• The customer: The individual or entity that initiates the payment for goods or services.
  • The merchant: The business or service provider that accepts the payment from the customer.
  • The payment method: The method the customer uses to make the payment, such as credit cards, debit cards, electronic wallets, or cryptocurrencies.
  • The point-of-sale (POS) system: The physical or digital platform where the transaction takes place, such as a retail-store terminal, ecommerce website, or mobile app.
  • The payment gateway: A service that securely captures and transmits payment information from the POS system to the payment processor or acquiring bank, ensuring the encryption and security of sensitive data during the transaction process.
  • The payment processor: A third-party company that handles the technical aspects of the transaction, including validating payment information, obtaining authorization, and managing communication between the acquiring and issuing banks.
  • The acquiring bank, or acquirer: The financial institution that holds the merchant’s account, receives the payment on its behalf, processes the transaction, and settles the funds in the merchant’s account.
  • The card network: Organizations (e.g., Visa, Mastercard, and American Express) that establish the rules, standards, and infrastructure for processing transactions, using their branded payment instruments.
  • The issuing bank, or issuer: The financial institution that has issued the payment instrument to the customer and is responsible for authorizing or declining the transaction, based on the customer’s account status, available funds, and other factors.
  • Payment security: Technologies and standards—such as the Payment Card Industry Data Security Standard (PCI DSS), tokenization, or encryption—that ensure the safety and integrity of payment information and protect against fraud and data breaches.
  • Settlement and reconciliation: The process of transferring funds between the issuing bank and the acquiring bank, followed by updating the merchant’s account and generating transaction records for both the customer and the merchant.

Each component plays an important role in the process, ensuring that transactions are completed securely, efficiently, and in compliance with applicable regulations and industry standards.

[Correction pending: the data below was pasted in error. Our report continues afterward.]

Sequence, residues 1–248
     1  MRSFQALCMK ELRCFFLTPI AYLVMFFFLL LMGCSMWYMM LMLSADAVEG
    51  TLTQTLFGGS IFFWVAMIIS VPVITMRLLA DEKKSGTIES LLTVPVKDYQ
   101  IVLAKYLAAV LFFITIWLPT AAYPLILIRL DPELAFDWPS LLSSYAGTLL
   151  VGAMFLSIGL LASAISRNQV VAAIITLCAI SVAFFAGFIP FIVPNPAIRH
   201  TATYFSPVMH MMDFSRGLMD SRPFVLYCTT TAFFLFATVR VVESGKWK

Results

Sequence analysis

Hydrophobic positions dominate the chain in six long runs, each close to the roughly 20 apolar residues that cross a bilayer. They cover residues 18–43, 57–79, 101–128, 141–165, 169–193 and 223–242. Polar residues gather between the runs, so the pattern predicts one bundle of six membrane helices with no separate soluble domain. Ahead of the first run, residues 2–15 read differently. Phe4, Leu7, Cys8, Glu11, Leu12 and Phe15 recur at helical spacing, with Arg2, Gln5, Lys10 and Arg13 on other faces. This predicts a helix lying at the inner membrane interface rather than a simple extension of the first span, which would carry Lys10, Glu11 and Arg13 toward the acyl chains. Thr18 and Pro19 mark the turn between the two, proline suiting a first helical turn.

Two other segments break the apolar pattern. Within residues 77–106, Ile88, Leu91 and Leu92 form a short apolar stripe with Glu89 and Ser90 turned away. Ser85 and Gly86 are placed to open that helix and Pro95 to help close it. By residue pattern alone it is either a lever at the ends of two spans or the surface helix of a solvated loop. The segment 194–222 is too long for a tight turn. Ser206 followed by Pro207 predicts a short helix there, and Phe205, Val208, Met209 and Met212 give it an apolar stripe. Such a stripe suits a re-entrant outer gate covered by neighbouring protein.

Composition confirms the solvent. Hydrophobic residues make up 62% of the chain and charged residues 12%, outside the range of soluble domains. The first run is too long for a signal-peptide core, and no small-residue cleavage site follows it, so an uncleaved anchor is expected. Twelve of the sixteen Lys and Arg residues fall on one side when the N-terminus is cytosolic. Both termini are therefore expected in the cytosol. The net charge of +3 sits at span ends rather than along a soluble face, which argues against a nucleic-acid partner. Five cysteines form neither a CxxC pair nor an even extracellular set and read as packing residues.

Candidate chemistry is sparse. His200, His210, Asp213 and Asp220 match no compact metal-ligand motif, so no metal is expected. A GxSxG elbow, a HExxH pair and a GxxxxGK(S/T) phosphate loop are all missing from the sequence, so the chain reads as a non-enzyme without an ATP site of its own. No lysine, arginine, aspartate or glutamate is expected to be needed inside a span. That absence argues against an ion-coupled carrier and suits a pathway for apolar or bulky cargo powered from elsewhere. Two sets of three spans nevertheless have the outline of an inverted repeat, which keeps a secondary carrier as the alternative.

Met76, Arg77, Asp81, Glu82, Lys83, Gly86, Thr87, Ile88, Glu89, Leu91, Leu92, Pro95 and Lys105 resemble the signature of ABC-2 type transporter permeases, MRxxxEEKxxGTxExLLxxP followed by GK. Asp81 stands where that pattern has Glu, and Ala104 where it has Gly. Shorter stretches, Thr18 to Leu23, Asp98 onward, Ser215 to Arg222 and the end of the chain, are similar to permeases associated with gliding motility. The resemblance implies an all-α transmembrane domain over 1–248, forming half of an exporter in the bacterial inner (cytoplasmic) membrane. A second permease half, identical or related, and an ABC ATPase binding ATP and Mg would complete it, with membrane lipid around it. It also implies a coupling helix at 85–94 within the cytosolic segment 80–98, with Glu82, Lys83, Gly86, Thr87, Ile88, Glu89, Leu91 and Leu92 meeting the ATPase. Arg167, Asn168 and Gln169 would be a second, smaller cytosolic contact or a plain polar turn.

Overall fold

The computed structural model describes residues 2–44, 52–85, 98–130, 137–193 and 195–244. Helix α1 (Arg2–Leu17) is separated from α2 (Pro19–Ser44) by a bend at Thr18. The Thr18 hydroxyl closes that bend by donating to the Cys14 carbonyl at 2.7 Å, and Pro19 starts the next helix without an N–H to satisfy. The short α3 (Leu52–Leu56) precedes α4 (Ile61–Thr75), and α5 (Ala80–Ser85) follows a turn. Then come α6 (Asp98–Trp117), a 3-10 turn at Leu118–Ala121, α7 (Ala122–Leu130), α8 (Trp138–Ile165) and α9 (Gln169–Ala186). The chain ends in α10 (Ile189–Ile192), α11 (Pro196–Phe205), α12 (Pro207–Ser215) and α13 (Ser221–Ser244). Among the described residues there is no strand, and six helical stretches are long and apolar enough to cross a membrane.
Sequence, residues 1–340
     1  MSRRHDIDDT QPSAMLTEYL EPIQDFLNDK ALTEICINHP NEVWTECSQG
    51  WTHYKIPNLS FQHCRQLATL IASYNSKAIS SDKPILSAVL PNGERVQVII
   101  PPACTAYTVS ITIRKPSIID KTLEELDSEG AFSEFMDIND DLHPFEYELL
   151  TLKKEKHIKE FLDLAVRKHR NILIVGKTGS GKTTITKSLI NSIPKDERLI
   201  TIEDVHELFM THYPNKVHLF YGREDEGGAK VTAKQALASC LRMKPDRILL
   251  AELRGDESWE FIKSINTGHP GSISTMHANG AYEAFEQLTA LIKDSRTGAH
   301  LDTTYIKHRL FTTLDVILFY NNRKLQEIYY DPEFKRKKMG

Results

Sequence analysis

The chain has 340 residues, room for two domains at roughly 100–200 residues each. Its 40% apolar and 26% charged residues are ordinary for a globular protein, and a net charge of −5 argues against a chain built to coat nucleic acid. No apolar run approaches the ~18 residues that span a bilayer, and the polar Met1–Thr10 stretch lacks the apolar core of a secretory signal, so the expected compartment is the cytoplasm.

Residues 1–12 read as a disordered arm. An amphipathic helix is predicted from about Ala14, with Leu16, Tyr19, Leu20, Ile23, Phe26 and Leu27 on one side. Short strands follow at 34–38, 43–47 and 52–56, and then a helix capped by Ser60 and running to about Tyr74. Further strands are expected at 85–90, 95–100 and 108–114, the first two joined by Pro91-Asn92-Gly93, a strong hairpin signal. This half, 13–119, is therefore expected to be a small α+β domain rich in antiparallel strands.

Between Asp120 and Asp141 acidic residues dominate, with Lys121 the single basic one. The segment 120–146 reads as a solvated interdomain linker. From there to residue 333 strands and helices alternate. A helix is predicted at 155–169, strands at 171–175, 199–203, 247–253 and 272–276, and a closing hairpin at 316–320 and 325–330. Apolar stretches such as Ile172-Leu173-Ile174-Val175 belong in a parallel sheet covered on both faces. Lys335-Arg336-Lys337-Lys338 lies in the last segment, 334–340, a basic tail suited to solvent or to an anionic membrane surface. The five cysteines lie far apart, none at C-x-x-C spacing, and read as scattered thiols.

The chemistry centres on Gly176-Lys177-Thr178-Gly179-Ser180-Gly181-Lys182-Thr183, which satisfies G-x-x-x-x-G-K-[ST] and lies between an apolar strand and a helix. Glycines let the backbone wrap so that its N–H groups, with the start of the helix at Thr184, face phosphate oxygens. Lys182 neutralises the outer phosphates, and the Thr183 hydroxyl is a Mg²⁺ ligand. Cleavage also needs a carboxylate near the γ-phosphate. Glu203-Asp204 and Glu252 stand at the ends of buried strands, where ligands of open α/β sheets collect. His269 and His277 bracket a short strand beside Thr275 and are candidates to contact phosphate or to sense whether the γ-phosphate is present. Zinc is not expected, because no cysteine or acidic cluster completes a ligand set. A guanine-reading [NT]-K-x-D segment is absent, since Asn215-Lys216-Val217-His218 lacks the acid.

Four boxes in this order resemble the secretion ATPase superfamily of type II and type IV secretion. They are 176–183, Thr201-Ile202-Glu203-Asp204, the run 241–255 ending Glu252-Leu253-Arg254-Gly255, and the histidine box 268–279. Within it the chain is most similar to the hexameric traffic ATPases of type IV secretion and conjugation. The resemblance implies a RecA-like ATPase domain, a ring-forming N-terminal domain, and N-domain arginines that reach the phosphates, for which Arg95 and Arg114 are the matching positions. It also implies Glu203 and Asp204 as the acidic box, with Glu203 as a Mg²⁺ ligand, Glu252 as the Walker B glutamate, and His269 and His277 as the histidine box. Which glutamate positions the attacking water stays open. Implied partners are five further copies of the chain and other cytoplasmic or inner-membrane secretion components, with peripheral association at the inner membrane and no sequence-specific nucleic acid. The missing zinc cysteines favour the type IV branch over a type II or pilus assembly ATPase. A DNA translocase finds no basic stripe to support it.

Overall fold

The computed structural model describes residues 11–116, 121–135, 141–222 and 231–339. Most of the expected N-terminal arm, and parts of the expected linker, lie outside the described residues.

How does payment processing work?

The process involves several steps and multiple parties. Here’s an explanation of how payment processing works:

1. Transaction initiation

The customer initiates the payment by providing their payment information (e.g., a credit card, debit card, or another payment method) at the point of sale in a physical store, or through an online platform like an ecommerce website or mobile app.

2. Payment gateway

Once the customer submits their payment information, it’s securely transmitted to the payment gateway, which acts as a bridge between the customer, the business, and the payment processor. The payment gateway is responsible for encrypting the transaction data and ensuring the data is transmitted securely to the payment processor or the acquiring bank.

3. Transaction authorization

The payment processor receives the transaction data from the payment gateway and validates the information. It then forwards the transaction details to the acquiring bank, which sends the information to the card network for validation and authorization.

4. Issuing-bank verification

The card network forwards the transaction details to the issuing bank. The issuing bank verifies the customer’s account status, checks the available balance or credit limit, and assesses any potential risks. Based on these factors, the issuing bank either approves or declines the transaction.

5. Authorization response

The issuing bank sends back the authorization response—approval or decline—through the card network to the acquiring bank, which then forwards the response to the payment processor. The payment processor then sends the response to the payment gateway, which communicates the result to the business’s POS system or online platform.

6. Transaction completion

If the transaction is approved, the business completes the sale by providing the customer with the goods or services. If the transaction is declined, the business may request an alternative payment method from the customer.